Mother’s Day is next weekend. I have always been excited about thinking of out-of-the-box books to get my mom and now mother-in-law, and the phone calls or messages I send to the women who genuinely mean something to me, and have been there for me in tangible and intangible ways. I could name them all, but it would take all day. I’m one rich woman.
Woman. That’s what Mother’s Day has meant to me–celebrating the women that made me the woman I am today. But not everyone celebrates it in that way. There’s an excellent blog post going around about the tradition of acknowledging moms at church on Mother’s Day weekend by asking the mothers to stand, either as recognition, or to receive a special flower or token at church. I’ll link it here, because you really should read it. It’s all about the compassion we need to bestow on women, particularly those who bear no visible sign of motherhood but may be hurting in deep, deep ways: http://www.messymiddle.com/2012/05/10/an-open-letter-to-pastors-a-non-mom-speaks-about-mothers-day/
Back? Great. This piece really resonated with me, because Mother’s Day didn’t really become an awkward holiday for me until recently. I’m 29, married, no kids as of now, and no plan for kids in the immediate future. I want them someday, but right now, I have a dissertation to finish drafting (by the end of summer, as per my director’s and my goals, but that’s a different blog post) and a salaried job of some kind to get. I know a lot of women my age in church who have kids already. A. Lot. And it’s put me in a strange spot in this faith community. Don’t get me wrong, no one is persecuting me or singling me out or belittling me for not being a mom. Although, at Christmastime, a complete stranger (one of the parents of the kids at The Chancellor’s school) rubbed my stomach and asked me why I didn’t have a baby yet. I KNOW.
Still, there is this odd undercurrent around Mother’s Day Church that feels like a rite-of-passage. That I won’t be seen in my faith community as a WOMAN until I am a mother and receiving a cheap carnation from a bodied child or standing and being applauded for having a child.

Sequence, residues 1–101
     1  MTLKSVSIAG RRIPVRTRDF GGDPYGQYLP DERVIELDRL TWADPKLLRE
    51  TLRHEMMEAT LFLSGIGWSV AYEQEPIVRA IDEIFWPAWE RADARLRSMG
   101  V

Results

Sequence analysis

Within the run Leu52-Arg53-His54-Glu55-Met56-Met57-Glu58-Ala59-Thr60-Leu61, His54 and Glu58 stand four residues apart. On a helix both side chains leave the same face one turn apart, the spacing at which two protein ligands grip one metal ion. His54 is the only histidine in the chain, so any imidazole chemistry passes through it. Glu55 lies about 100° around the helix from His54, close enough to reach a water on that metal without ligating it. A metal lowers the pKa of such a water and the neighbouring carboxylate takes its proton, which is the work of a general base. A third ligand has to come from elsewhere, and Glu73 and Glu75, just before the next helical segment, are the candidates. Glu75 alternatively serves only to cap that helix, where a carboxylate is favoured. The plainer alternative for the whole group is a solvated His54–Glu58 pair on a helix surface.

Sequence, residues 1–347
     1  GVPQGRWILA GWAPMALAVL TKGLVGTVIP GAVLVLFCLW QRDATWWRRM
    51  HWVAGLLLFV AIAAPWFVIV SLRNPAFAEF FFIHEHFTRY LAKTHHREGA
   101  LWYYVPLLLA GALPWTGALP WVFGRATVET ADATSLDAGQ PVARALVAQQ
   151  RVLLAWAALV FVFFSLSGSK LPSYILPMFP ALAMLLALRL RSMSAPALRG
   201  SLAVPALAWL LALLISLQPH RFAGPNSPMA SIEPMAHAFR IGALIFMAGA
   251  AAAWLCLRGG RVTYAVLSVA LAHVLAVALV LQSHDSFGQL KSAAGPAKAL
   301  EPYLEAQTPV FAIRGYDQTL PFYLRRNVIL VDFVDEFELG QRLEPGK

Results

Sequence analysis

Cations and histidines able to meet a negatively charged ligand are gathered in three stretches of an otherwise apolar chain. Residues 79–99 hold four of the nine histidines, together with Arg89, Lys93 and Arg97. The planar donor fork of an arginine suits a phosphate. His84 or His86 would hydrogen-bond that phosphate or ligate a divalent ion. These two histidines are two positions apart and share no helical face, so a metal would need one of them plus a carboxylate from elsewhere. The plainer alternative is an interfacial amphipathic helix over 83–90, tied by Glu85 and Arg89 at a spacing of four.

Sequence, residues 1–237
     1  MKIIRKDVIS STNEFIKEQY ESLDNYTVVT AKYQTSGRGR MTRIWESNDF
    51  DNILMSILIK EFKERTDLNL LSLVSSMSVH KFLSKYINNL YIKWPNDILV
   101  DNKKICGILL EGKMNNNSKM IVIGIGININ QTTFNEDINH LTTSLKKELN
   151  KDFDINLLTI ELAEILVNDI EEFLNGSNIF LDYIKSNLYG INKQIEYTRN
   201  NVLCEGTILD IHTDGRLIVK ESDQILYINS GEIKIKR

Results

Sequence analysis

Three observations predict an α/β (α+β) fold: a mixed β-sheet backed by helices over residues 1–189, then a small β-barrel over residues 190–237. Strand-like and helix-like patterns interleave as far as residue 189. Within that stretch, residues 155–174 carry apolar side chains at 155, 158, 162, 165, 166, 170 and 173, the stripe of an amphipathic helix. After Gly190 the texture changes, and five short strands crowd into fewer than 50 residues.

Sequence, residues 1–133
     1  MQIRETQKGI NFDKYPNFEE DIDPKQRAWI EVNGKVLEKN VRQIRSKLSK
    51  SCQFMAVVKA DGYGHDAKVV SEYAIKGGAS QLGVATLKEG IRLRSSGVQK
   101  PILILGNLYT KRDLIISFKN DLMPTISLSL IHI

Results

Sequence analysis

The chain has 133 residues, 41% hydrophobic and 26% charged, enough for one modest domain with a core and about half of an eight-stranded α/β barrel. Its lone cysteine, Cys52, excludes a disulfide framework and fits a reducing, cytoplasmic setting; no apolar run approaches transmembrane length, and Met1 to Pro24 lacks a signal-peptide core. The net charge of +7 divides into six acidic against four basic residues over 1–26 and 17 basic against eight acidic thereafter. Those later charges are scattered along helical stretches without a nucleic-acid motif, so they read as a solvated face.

When I think of the many women in my church who are not married but have served God faithfully and joyfully, blessing my life in the process, I can’t help but become a little upset on their behalf. Where is their recognition? When I think of the work that the Chancellor and I do, reaching out and educating students, many of whom have fractious relationships with their parents, I wonder why being an actual parent automatically holds more value in the eyes of my church than in the missions we undertake.
I don’t intend this to be a poor-me post. I am not poor. By no means am I poor. When I think of the students whose paths I have come across, I feel lucky. When I think of the fellow graduate students and colleagues I have worked alongside and mentored and encouraged, I feel blessed. When I think of the miracles worked in my life, the trials, the joy, the deep, deep joy that lives in my heart, I realize that I am a woman. I am not a woman with children, but I am a woman.
If you are a fellow childless woman who has been made to feel less for not having children, I hold your hand in solidarity. If you are a woman who has lost a child, I hug you from this page. If you are a mom, I salute you. If you are a mentor, a friend, a guide, a leader, then I applaud you for making this world a richer place by making the world your children.
It is my hope that our world will recognize the many ways in which we can guide and direct and love without necessarily being a parent. That parenting is more complex than a fleshly child handing you a carnation. That loving a child or a soul is all it takes.
I am not a mother. But I am a woman.